Thursday, November 30, 2006

Grief Versus the Good Life

Dominick and I were talking with one another this weekend, and we were chatting about "T" and all we had to do to prepare. As we talked, our conversation became more subdued as we began to grasp the reality that our new son would have to face. So often, people...adoptive parents included...tend to focus only on what their new child will be gaining by being adopted by an American family. The benefits are huge overall, no doubt, as a child is always better off with a loving family, enough food to eat, a chance at a good education...a future. But what about what they are leaving behind?

Those of you who are parents, imagine your child leaving behind all that is familiar to go to a new place that is totally foreign to them, a place where no one speaks their language, they'll never have the same foods again, they know absolutely no one. And it is forever. How would your child handle it? I think of Matthew in the same circumstance and I know he would be terrified, and would feel so lost and alone, regardless of the good intentions of the people he might be with.

What some people fail to recognize is that regardless of how much better his life will be, he is leaving the only family he has ever known. He has been in the orphanage since infancy, and grown up with the kids that are there. They are his brothers and sisters, and he will be leaving them forever, most likely never to see any of them again. He will leave his home to go live with strangers, knowing that he will never return. What panic might he feel? What all will be happening around him that he doesn't understand? What will he wish he could tell us but won't have the language to do so?

And what courage must a tiny 8 year old boy have to jump off this virtual cliff? Surely more than I could ever muster.

I hope that somehow I am able to convey to him a sense of security, I hope that I can ease his mind at moments when he might feel like he wants to explode with feelings he can't yet express. I wonder if there will be moments when I question the wisdom of what we have done, if we have taken away too much from him. I wonder if I will have the wisdom to be the mother he needs me to be as he goes through the grief and adjustments he will need to face.

I have an inkling that when all is said and done, I will come out of all of this with a great deal of admiration for a young boy who just might be willing to risk his heart to embrace a new life. And if it takes him awhile to get to that point, than we will be right beside him as he takes those tentative first steps into his new world.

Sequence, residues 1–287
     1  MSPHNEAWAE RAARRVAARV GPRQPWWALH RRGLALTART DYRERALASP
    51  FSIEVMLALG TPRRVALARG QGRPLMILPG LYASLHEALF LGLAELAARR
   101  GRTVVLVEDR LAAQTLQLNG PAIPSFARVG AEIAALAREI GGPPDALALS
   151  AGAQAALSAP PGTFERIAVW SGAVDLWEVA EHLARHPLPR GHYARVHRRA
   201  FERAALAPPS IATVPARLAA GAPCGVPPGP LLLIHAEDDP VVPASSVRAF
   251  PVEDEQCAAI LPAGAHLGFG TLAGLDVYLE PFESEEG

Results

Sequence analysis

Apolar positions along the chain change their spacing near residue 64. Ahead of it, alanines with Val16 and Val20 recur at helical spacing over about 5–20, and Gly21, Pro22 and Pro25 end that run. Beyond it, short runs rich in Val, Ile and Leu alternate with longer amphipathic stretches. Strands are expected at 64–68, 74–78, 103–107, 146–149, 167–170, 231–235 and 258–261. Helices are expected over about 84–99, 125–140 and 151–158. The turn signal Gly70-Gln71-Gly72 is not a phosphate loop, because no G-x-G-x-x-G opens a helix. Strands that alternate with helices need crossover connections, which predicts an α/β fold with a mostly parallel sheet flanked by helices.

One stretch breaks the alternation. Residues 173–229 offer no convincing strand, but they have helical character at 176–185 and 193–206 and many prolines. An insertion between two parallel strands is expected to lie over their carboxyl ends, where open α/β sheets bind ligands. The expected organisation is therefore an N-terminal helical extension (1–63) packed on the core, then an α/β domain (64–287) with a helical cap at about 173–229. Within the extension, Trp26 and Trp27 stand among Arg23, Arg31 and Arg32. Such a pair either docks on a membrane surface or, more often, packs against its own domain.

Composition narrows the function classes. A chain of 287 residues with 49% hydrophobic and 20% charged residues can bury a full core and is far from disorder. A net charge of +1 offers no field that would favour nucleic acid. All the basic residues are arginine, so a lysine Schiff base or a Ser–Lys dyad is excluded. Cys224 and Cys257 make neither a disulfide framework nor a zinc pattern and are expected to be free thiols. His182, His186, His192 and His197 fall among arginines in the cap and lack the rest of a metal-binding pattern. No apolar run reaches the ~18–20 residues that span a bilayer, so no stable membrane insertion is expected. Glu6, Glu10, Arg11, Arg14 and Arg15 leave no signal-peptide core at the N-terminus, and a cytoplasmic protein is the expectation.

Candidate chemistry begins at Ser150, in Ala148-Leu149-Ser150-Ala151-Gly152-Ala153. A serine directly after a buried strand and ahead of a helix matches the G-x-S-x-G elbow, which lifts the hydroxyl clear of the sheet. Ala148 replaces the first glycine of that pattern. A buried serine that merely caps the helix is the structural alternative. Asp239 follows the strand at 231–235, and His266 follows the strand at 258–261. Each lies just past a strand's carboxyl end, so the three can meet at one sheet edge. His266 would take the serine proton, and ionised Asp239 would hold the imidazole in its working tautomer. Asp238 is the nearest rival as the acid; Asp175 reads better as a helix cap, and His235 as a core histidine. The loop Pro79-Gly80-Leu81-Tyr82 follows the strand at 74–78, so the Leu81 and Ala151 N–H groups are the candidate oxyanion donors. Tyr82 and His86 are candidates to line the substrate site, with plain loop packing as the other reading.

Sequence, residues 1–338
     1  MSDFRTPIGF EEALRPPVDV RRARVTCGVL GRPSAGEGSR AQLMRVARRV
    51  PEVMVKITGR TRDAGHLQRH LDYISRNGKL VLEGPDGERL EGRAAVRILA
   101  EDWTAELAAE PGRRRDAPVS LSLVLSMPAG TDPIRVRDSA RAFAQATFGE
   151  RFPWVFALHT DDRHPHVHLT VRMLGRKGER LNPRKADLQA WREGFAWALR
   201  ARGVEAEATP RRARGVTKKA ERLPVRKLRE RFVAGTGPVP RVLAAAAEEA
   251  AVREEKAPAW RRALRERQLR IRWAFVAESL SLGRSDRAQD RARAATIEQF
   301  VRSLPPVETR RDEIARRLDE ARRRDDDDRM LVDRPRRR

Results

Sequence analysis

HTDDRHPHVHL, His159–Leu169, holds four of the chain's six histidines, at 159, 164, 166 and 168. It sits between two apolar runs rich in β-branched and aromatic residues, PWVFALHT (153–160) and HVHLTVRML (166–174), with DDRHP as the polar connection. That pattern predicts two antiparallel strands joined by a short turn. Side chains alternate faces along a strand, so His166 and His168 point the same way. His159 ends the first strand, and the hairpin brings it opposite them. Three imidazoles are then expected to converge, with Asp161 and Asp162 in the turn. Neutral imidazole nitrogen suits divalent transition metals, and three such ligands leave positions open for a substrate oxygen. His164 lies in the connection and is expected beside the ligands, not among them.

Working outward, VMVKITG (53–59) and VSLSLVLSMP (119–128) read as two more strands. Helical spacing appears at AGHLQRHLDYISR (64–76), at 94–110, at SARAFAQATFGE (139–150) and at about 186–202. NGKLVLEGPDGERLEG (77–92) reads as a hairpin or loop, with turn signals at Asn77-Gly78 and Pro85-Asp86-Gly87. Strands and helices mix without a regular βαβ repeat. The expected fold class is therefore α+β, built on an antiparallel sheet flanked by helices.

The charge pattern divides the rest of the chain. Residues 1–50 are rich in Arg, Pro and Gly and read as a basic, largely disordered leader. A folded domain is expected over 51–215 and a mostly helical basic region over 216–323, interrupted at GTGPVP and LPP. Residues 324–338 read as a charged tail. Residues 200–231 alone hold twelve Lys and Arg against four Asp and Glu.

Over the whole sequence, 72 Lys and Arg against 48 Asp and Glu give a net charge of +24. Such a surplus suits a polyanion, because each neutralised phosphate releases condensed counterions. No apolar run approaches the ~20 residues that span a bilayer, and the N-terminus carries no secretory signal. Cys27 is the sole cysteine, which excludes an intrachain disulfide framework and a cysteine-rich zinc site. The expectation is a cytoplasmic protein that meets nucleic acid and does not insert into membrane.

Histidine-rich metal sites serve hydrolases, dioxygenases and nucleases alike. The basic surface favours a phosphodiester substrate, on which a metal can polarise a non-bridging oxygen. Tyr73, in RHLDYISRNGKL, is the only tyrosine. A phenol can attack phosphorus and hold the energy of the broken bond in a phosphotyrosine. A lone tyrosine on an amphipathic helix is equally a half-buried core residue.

Jamie Hollis said...

Great post:) Thank you for sharing these experiences with the public. I have been doing work with Kyrgyzstan since 2002 and my husband and I plan to adopt from their eventually. On the note of your new child never having the same meals: I learned how to prepare a few of their traditional meals while there and I have a small cookbook as well if you'd like to send me a few. When I get homseick for Karakol I can always makes some ploav and it helps just a bit.

LaJoy Family said...


Thank YOU for your kind comments! I am just as happy that others are finding this useful. It keeps me motivated to write...and to be as honest as I can about sharing those inner thoughts that an adoptive mother goes through. I would LOVE to have some recipes if you wouldn't mind emailing them to me, it would really be helpful I think to be able to prepare some comfort food for him when homesickness kicks in. Thanks for the offer!


judy in california said...


I hope you can find a good Russina/EE deli! We have one and it's easy to get Julia things she remembers from Russia.
I have a freezer full of pelmini/veriniki, which are basically Russian ravioli. We have a few different fillings, sour cherry being one of Julia's favorites. (Her orphanage was across the street from a sour cherry orchard and the kids would climb to the top of a huge tree for a handful of cherries!) Keep a tub of sour cream in the fridge, as well as tons of fresh fruit. Yogurt too. And do get a few recipies from friends online. I have actually started collecting Russian cookbooks. Anything in particular you want let me know and I can look it up for you.

I was just thinking about you yesterday, wondering where you were in the quest to bring big brother home...


Anonymous said...

As we are about to jump off the cliff to adopt a 4 year old and a 5 1/2 year old, this blog post speaks to me. This is what has been on my mind so much. Thank you. I hope, like you, that I can be the mom they need me to be.